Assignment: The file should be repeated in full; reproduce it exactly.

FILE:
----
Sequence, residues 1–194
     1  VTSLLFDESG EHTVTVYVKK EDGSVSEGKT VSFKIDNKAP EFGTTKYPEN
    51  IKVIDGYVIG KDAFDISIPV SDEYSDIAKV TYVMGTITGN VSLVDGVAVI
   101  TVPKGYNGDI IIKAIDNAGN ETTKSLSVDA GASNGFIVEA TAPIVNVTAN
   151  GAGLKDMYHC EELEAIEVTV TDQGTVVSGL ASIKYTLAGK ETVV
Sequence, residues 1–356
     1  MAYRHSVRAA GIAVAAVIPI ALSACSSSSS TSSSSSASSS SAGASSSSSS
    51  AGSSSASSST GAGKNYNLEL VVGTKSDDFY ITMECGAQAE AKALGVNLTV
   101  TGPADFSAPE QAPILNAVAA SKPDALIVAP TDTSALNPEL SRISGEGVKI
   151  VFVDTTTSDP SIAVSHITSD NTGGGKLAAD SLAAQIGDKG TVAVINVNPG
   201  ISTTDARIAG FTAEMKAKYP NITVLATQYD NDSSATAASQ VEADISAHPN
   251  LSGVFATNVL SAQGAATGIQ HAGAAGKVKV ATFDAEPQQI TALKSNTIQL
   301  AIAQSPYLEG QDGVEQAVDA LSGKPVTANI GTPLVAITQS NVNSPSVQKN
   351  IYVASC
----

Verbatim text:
Sequence, residues 1–194
     1  VTSLLFDESG EHTVTVYVKK EDGSVSEGKT VSFKIDNKAP EFGTTKYPEN
    51  IKVIDGYVIG KDAFDISIPV SDEYSDIAKV TYVMGTITGN VSLVDGVAVI
   101  TVPKGYNGDI IIKAIDNAGN ETTKSLSVDA GASNGFIVEA TAPIVNVTAN
   151  GAGLKDMYHC EELEAIEVTV TDQGTVVSGL ASIKYTLAGK ETVV
Sequence, residues 1–356
     1  MAYRHSVRAA GIAVAAVIPI ALSACSSSSS TSSSSSASSS SAGASSSSSS
    51  AGSSSASSST GAGKNYNLEL VVGTKSDDFY ITMECGAQAE AKALGVNLTV
   101  TGPADFSAPE QAPILNAVAA SKPDALIVAP TDTSALNPEL SRISGEGVKI
   151  VFVDTTTSDP SIAVSHITSD NTGGGKLAAD SLAAQIGDKG TVAVINVNPG
   201  ISTTDARIAG FTAEMKAKYP NITVLATQYD NDSSATAASQ VEADISAHPN
   251  LSGVFATNVL SAQGAATGIQ HAGAAGKVKV ATFDAEPQQI TALKSNTIQL
   301  AIAQSPYLEG QDGVEQAVDA LSGKPVTANI GTPLVAITQS NVNSPSVQKN
   351  IYVASC